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Mao Zedong's Concept of Chinese and Western Cultures

Mao Zedong's Concept of Chinese and Western Cultures Mao Zedong was the representative figure in the Sinicisation ofMarxism. At the beginning of the May 4th Movement, he advocatedpromoting the transformation of society by proceeding from theactualities of China and inheriting critically the legacy of Chinese andWestern cultures. After he became a Marxist, he firmly resisted thetendency towards divination of the directives of the CommunistInternational, and the Soviet experience of revolution, and tried hardto integrate the universal principles of Marxism with Chinese cultureand Chinese revolutionary practice, thus opening up the way to therevolution in 1949. However, after the founding of the New China hepatterned the economic construction on the Soviet model, and stressedcriticism of the culture of the bourgeois, but dropped his guard againstthe pernicious influences of feudal society so the historical sedimentof the feudal culture became thicker and thicker under cover of Marxism,and finally there occurred the historical tragedy of the GreatLeap Forward and the Great Cultural Revolution. TheThird Plenary Session of the Eleventh Central Committee of the ChineseCommunist Party repudiated the theoretical basis of the GreatCultural Revolution and brought in a new phase of politicalrestructuring and cultural openness. The author holds that the evolutionof Mao Zedongs concept of Chinese and Western cultures should bestudied and summarised, so that lessons may be drawn from it for thebuilding of a socialist spiritual civilisation. http://www.deepdyve.com/assets/images/DeepDyve-Logo-lg.png International Journal of Social Economics Emerald Publishing

Mao Zedong's Concept of Chinese and Western Cultures

International Journal of Social Economics , Volume 18 (8/9/10): 8 – Aug 1, 1991

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Publisher
Emerald Publishing
Copyright
Copyright © Emerald Group Publishing Limited
ISSN
0306-8293
DOI
10.1108/03068299110139675
Publisher site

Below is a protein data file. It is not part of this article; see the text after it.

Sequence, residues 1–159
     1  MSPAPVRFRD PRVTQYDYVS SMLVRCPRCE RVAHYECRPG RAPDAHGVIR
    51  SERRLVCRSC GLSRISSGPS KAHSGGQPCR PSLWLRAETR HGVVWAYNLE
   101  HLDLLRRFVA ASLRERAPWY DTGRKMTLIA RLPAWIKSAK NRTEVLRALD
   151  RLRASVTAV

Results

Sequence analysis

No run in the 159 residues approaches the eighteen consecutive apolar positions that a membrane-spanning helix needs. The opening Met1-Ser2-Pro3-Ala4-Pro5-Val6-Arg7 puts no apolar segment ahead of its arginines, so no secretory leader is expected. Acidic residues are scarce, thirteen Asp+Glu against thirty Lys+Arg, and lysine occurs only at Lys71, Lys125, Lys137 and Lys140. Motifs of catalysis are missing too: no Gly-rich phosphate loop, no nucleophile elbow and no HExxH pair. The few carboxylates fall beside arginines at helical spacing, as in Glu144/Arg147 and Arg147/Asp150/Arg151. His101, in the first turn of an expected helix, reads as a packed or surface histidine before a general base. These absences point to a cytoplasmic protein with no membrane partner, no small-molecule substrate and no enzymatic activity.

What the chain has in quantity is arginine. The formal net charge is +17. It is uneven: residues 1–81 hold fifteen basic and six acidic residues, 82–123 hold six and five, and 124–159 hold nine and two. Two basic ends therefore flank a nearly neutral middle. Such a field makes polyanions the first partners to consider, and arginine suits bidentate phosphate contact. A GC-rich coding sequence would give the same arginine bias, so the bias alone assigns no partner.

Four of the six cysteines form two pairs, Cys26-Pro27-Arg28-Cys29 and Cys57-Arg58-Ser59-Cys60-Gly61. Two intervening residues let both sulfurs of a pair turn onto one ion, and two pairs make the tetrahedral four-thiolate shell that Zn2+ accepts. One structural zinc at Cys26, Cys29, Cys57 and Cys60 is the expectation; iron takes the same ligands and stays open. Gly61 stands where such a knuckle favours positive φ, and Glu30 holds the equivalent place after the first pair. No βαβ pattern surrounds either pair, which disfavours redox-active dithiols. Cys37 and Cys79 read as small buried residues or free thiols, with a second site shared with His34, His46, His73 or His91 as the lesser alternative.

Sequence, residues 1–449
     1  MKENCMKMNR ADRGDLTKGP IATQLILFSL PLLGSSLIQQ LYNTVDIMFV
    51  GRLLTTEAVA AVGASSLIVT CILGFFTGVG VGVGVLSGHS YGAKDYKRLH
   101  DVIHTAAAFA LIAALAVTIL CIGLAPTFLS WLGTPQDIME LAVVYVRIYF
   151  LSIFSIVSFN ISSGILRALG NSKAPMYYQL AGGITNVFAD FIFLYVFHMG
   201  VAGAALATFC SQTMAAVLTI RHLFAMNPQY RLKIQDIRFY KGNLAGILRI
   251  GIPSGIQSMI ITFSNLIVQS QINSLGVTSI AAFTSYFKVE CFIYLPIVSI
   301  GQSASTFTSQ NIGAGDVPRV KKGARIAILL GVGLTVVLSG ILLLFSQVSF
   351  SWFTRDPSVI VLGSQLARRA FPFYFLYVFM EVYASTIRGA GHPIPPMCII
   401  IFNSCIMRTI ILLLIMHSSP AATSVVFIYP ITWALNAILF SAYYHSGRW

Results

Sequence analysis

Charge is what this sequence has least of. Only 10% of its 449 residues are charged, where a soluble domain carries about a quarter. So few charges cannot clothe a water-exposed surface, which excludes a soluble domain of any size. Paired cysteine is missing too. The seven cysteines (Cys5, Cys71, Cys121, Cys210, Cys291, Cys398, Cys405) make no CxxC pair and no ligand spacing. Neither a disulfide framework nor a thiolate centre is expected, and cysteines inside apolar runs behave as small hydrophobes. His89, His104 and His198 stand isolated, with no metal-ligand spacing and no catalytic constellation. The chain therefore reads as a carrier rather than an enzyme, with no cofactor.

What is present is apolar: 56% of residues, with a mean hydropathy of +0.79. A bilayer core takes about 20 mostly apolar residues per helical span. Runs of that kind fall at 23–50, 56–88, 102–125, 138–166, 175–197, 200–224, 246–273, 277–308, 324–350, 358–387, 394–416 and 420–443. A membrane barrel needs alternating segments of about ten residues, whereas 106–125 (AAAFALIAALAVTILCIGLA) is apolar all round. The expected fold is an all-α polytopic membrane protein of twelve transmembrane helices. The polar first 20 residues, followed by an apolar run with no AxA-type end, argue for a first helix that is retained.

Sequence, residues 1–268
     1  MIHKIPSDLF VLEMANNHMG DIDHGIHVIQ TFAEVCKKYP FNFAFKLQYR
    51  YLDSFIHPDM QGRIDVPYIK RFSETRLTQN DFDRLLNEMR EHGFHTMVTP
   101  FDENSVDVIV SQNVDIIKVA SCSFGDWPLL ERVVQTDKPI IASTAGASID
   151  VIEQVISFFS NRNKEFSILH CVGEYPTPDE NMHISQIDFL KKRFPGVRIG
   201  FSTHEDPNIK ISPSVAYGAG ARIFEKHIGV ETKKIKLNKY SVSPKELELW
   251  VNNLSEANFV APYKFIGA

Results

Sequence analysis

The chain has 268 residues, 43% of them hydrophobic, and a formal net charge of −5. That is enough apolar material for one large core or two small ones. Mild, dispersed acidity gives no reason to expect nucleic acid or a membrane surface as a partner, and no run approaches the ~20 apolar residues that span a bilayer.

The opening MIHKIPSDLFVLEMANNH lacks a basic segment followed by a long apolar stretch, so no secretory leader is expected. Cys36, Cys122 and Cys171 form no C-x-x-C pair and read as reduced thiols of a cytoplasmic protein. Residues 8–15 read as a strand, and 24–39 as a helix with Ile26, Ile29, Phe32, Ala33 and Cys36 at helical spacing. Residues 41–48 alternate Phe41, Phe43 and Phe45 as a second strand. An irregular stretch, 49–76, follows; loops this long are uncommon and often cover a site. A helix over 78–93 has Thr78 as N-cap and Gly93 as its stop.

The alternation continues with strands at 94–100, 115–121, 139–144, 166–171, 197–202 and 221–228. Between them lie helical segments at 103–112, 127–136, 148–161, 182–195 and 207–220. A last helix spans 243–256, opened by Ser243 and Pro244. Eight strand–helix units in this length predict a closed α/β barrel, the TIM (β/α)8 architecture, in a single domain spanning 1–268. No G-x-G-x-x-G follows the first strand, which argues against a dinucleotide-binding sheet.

See Article on Publisher Site

Abstract

Mao Zedong was the representative figure in the Sinicisation ofMarxism. At the beginning of the May 4th Movement, he advocatedpromoting the transformation of society by proceeding from theactualities of China and inheriting critically the legacy of Chinese andWestern cultures. After he became a Marxist, he firmly resisted thetendency towards divination of the directives of the CommunistInternational, and the Soviet experience of revolution, and tried hardto integrate the universal principles of Marxism with Chinese cultureand Chinese revolutionary practice, thus opening up the way to therevolution in 1949. However, after the founding of the New China hepatterned the economic construction on the Soviet model, and stressedcriticism of the culture of the bourgeois, but dropped his guard againstthe pernicious influences of feudal society so the historical sedimentof the feudal culture became thicker and thicker under cover of Marxism,and finally there occurred the historical tragedy of the GreatLeap Forward and the Great Cultural Revolution. TheThird Plenary Session of the Eleventh Central Committee of the ChineseCommunist Party repudiated the theoretical basis of the GreatCultural Revolution and brought in a new phase of politicalrestructuring and cultural openness. The author holds that the evolutionof Mao Zedongs concept of Chinese and Western cultures should bestudied and summarised, so that lessons may be drawn from it for thebuilding of a socialist spiritual civilisation.

Journal

International Journal of Social EconomicsEmerald Publishing

Published: Aug 1, 1991

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